• red and white Lambrusco wine was limited to one five litre case per person per day
  • other non-fortified wine was limited to one four litre case per person per day
  • port wine was limited to one two litre cask per person per day.

At all other times the sale of these products was not permitted. The impact of these restrictions was evaluated in the following year. At that time, there was a decrease in consumption, particularly among Indigenous people and a decrease in a range of offending behaviour and alcohol-related morbidity. Reports from the community also indicated that there had been an increase in healthcare seeking behaviour, more participation in community activities and a decrease in public drunkenness and violence5.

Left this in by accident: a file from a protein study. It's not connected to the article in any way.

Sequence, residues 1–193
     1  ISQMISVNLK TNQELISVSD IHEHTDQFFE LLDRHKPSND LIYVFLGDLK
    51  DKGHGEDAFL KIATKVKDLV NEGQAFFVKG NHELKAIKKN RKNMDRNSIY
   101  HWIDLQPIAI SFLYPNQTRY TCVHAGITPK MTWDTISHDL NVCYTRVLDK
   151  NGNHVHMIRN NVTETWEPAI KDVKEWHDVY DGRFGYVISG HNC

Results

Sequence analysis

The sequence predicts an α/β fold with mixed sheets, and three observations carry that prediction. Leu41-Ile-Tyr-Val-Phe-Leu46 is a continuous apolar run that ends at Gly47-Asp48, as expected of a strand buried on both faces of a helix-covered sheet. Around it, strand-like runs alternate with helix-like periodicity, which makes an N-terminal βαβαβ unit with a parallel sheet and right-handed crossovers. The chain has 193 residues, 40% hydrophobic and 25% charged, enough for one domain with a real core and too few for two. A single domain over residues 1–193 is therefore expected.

The restrictions were extended from 1 August 2009. In addition to the existing restrictions, people were limited to purchasing:

  • one 750ml bottle of fortified wine
  • one 750ml bottle of full strength beer

These restrictions have remained in place to the present day.

Evaluation over the long term

This research investigated whether the Agreement has been able to maintain its initial benefits. A mixed methods approach was employed, with secular, quantitative alcohol consumption and harm data and qualitative interview data collected from a number of different sources. There is a gap in the alcohol data from May 2009 to October 2012 because of a change in wholesale supplier. This resulted in three distinct periods when data were reported: